Treating Uterine Prolapse without Surgery 

Uterine prolapse is not going away on its own. The best scenario is to treat it early and avoid surgery. Physical therapy can prevent pelvic organ prolapse from worsening and correct underlying causes. Pelvic floor muscle training such as Kegels strengthens the supporting structures around the uterus. An additional treatment option includes support pessaries—flexible devices inserted into the vagina. 

Physical Therapy for Uterine Prolapse

Physical therapy takes a multi-faceted approach to treatment. First, the therapist assesses the patients’ symptoms and lifestyle to develop an individual plan. The therapist begins with patient education, teaching them to avoid heavy lifting, reduce intra-abdominal pressure and engage core muscles when coughing, sneezing, and laughing. PT also includes core strengthening exercises and pelvic floor muscle training.

At COR, we have experts on staff to create and implement PFPT treatment plans. If your patients are interested in treating uterine prolapse without surgery, contact our referral office at 201-833-1333.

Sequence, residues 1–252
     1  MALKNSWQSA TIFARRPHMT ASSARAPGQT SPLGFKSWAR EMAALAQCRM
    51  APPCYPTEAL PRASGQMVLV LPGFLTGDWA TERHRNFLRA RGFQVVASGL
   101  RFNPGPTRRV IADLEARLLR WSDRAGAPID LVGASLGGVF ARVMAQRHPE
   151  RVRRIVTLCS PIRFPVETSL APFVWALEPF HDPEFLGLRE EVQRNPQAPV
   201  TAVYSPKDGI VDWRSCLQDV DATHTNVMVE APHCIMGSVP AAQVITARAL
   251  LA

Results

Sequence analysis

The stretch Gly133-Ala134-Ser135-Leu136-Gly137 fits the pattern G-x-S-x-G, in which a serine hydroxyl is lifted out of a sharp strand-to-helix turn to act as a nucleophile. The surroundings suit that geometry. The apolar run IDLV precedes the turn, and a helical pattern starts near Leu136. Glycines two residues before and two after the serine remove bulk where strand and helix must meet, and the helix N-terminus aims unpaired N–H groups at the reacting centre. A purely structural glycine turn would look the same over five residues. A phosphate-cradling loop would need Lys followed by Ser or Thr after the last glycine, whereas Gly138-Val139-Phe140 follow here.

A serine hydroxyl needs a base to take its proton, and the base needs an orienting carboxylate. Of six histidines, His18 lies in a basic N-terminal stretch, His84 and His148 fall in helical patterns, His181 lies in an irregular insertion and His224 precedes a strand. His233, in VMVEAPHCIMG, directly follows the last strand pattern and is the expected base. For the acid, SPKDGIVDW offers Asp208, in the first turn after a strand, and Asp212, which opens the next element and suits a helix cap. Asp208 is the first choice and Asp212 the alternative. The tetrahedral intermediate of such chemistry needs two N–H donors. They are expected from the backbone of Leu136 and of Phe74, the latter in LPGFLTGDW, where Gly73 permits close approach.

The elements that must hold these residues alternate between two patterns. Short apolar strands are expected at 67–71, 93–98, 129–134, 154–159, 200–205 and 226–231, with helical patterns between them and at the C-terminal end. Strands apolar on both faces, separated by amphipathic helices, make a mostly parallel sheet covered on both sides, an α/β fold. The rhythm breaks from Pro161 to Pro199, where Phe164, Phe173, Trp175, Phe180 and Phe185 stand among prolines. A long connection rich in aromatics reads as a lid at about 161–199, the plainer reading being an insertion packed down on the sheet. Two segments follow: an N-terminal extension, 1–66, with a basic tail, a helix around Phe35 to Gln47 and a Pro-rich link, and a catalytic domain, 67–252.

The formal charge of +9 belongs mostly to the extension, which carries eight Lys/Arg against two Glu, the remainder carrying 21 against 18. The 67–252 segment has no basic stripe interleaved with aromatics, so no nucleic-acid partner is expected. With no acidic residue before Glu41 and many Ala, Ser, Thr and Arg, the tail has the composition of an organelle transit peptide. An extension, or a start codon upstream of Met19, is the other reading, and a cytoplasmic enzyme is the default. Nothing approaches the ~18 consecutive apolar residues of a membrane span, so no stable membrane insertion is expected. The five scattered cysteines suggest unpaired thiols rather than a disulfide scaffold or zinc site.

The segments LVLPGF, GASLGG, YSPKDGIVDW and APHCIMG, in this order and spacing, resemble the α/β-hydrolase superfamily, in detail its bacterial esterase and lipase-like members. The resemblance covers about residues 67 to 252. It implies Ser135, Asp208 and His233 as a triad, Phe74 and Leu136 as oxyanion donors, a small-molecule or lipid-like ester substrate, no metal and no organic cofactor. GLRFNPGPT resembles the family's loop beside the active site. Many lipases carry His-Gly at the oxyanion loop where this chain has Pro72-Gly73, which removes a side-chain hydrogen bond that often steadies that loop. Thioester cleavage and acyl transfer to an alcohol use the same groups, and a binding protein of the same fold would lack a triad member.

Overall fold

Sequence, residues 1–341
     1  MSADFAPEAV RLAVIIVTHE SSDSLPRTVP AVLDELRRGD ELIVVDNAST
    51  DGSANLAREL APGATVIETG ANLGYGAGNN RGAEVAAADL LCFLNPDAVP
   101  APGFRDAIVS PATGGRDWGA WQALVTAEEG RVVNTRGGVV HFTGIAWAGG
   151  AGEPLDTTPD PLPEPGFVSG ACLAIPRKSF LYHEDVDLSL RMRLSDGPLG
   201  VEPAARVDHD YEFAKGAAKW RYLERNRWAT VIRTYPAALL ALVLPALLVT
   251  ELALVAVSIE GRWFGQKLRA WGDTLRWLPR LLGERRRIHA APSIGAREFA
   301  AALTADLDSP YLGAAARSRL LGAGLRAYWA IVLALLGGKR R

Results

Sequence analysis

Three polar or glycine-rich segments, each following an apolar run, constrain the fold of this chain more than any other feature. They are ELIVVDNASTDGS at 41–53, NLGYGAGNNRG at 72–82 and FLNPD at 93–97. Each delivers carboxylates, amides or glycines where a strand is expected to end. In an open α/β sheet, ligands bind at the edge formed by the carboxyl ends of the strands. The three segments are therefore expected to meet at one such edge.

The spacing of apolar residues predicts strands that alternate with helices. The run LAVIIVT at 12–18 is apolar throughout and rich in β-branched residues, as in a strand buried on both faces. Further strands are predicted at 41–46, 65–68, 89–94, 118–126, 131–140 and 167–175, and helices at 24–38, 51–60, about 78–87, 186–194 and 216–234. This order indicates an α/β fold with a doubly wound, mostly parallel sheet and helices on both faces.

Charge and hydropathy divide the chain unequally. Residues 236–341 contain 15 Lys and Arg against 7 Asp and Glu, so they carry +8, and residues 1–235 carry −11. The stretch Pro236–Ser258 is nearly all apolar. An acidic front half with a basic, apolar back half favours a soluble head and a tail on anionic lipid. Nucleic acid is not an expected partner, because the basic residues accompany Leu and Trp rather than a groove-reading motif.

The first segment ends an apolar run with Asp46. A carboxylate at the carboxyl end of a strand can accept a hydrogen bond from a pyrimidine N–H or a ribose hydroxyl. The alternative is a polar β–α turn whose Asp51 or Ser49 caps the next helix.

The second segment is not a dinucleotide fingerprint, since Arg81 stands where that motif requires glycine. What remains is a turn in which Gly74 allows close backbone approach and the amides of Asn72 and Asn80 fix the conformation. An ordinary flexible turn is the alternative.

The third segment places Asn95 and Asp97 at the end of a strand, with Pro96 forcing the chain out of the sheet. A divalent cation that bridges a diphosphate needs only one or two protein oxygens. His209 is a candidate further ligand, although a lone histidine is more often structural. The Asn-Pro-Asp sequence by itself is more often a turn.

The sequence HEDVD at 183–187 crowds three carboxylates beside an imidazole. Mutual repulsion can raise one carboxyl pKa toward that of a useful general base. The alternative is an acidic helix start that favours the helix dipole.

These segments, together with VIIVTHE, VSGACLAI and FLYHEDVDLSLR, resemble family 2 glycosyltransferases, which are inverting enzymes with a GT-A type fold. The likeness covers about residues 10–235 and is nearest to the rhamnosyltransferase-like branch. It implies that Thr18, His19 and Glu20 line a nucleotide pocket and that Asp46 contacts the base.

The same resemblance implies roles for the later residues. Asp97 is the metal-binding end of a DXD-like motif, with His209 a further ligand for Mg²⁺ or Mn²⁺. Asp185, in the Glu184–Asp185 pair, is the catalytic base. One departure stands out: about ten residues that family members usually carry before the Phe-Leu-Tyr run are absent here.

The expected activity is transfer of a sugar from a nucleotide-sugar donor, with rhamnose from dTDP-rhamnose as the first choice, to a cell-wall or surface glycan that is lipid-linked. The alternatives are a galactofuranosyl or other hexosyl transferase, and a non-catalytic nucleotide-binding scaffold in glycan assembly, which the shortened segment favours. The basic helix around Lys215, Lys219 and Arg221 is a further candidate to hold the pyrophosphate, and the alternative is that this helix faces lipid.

The Importance of High-Quality Postoperative Physical Therapy

High-Quality Postoperative Physical Therapy

What a patient does after surgery is almost as crucial as the operation itself. The procedure lasts a few hours, but the rehabilitation takes months. High-quality postoperative physical therapy is crucial for restoring mobility and strength. Therapy only works when done correctly. Improper healing could make the area worse and lead to complications. When referring to post-op PT, providers want to know that their patients are getting the best care possible. 

Why is physical therapy important after surgery?

Improper exercises put increased strain on the joint. The healing process slows, and range of motion can diminish over time. Those who don’t engage properly in post-op rehab may see atrophy of supporting muscles and soft tissue. 

The Importance of Personalized Support